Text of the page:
Simulation of Gas/Oil Drainage and Water/Oil imbibition in Naturally Fractured Reservoirs
- R.H. Rossen (Exxon Production Research Co.) | E.I.C. Shen (Exxon Production Research Co.)
- Document ID
- Society of Petroleum Engineers
- SPE Reservoir Engineering
- Publication Date
- November 1989
- Document Type
- Journal Paper
- 464 - 470
- 1989. Society of Petroleum Engineers
- 5.8.6 Naturally Fractured Reservoir, 5.3.2 Multiphase Flow, 5.5.8 History Matching, 4.1.2 Separation and Treating, 5.2.1 Phase Behavior and PVT Measurements, 1.2.3 Rock properties, 5.5 Reservoir Simulation, 5.2 Reservoir Fluid Dynamics
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Much attention has been given to the simulation of naturally fractured reservoirs in the recent literature. The most prevalent approach is a dual-porosity (or dual-porosity/dual-permeability) formulation with computation blocks that may represent several individual matrix blocks. In models of this type, the processes of gas/oil drainage and water/oil imbibition have caused particular difficulties. Some authors have attempted to represent the correct behavior through a gravity term that assumes a simplified fluid distribution in the matrix. Others have used pseudo-capillary-pressure functions for the matrix, the fracture, or both. These functions also assume a simplified matrix fluid distribution or are obtained by "history matching" with a fine-grid model of a single matrix block. Still others have introduced refinement of the matrix into multiple blocks.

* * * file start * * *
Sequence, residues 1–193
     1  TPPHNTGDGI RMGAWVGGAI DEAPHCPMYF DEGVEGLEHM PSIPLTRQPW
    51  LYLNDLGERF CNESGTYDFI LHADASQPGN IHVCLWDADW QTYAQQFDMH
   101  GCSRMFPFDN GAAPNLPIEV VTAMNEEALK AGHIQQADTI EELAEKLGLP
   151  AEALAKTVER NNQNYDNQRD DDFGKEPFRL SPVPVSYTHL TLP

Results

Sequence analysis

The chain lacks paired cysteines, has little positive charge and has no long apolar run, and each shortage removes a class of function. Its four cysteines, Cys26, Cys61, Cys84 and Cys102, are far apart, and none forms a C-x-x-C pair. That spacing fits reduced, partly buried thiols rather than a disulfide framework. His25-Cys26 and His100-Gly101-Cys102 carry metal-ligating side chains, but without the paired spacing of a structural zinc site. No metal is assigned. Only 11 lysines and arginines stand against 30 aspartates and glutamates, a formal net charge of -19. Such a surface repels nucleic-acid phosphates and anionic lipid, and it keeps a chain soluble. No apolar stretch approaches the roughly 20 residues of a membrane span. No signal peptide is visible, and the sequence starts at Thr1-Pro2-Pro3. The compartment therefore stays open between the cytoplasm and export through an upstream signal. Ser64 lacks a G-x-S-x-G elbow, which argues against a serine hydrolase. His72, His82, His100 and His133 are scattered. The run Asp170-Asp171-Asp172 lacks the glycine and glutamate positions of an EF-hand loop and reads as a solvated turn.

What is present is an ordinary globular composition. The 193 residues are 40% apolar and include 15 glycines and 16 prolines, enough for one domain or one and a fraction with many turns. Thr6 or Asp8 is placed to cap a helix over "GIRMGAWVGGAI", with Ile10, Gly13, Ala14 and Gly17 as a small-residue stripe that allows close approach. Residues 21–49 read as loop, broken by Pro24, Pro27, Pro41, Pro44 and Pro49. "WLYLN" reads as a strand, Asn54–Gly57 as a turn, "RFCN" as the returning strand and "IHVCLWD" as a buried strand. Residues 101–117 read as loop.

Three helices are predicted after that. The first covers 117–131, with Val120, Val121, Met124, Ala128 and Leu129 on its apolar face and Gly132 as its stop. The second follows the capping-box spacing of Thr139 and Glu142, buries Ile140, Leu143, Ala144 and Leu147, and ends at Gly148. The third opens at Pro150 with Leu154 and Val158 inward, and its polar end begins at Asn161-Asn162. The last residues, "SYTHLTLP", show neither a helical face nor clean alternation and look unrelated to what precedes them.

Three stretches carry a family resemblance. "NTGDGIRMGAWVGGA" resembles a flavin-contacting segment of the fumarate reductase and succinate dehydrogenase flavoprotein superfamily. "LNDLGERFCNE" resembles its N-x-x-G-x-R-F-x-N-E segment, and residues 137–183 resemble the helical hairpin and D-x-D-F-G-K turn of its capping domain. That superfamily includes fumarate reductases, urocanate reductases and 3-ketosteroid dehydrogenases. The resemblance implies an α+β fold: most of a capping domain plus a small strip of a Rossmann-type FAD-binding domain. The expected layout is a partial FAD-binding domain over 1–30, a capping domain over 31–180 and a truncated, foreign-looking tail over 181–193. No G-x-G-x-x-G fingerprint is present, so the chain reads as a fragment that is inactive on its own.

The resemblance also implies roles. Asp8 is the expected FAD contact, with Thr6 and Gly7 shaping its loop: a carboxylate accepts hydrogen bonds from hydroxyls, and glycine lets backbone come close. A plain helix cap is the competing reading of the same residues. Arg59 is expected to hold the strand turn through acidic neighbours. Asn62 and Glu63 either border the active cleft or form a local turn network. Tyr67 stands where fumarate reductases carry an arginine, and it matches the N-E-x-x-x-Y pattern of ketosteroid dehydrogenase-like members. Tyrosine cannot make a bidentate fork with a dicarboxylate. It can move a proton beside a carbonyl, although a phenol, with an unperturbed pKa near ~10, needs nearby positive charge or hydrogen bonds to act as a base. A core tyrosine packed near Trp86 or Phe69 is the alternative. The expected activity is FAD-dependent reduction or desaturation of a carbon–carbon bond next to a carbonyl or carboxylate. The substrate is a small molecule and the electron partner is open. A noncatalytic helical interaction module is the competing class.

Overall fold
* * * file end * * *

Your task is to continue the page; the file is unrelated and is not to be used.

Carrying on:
In this paper, the authors examine the mechanisms involved in gas/oil drainage and water/oil imbibition and propose a simple way to represent that behavior in a dual-porosity simulator. Basically. the formulation uses pseudo-capillary-pressure curves for both the matrix and fracture. The fracture curve can be determined directly from rock properties and matrix-block dimensions, while the matrix curve can be obtained from the results of a single simulation of a fine-grid model of a single matrix block. The approach is less costly than matrix subdomain and history-matching alternatives and is often more accurate than solutions that rely on a simplified gravity term.